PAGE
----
The designers that have the free patterns with ads, make most of their money from those ads, and, if they have sponsored posts, there is a kickback for that too. So there is no need to charge the real pricing for the patterns. However, though you will start seeing affiliate links or ads in some of my pages and posts, I only promote products and books I have used and love. I have worked far too hard to make my name recognized, why would I sell for someone else?

    Just my two pennies, but I thought I would mention that too!

  • Michele on

    This is a generalization, but I have noticed a divide between designers who charge what I’d call a “real” price for their patterns, and those who provide free patterns, with the option to purchase an ad-free pdf. The difference appears to be quality and complexity.

    The free pattern designers have some nice designs, but in general they release new, simple patterns frequently. I tend to see the same type of design everywhere all the time. Charts are scarce, and they are usually using larger weight yarns and basic construction techniques for garments. Often items such as fingerless gloves may not be sized.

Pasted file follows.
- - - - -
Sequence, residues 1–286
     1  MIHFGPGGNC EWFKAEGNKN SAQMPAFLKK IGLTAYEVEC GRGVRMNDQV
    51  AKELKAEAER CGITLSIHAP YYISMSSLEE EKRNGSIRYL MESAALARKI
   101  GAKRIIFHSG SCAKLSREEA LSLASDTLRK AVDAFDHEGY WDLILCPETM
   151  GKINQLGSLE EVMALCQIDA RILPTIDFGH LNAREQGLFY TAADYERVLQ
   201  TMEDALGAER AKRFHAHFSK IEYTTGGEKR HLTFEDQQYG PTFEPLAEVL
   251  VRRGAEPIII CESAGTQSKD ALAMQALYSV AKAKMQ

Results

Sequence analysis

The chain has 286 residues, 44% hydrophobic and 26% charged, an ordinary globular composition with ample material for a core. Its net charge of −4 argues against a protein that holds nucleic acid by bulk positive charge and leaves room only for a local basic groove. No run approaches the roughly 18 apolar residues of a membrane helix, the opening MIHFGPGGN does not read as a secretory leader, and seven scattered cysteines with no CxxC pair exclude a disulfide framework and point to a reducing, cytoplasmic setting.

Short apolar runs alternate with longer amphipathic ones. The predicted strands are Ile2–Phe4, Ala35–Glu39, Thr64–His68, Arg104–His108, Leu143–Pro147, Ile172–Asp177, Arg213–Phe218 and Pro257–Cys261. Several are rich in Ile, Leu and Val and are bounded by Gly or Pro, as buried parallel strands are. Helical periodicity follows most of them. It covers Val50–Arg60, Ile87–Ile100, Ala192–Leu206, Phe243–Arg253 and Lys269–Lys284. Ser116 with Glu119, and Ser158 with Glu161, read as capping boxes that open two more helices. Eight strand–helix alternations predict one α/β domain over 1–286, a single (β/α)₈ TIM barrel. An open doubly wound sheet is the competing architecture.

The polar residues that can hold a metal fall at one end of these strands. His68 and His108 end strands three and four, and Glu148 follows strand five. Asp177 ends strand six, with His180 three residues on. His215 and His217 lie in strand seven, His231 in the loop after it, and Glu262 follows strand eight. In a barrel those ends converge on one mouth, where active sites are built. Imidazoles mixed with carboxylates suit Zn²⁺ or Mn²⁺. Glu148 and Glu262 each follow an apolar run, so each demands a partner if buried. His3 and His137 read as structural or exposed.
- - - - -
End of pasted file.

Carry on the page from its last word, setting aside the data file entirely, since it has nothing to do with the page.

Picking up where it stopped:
I find that designers like you are providing charted patterns, some or all of which may more complicated (which I like). Of course, grading is provided where appropriate.

    There are exceptions to this! But I wonder if the audience is even the same.

    We crocheters are so willing to purchase yarn we don’t need: I don’t know why we ball at paying a fair price for a good pattern.

    Thanks for the information. If I ever seriously consider designing, it will be very helpful.

  • Karen Whooley on

    Right, Veronica Rose? The only way to reduce the price of the pattern would be to find ways to reduce your costs. And I have actually done that too. I used to have sample makers create the actual sample. That added more cost.

    So it’s either learn to speed Crochet or take photos myself, but I know what my limits are!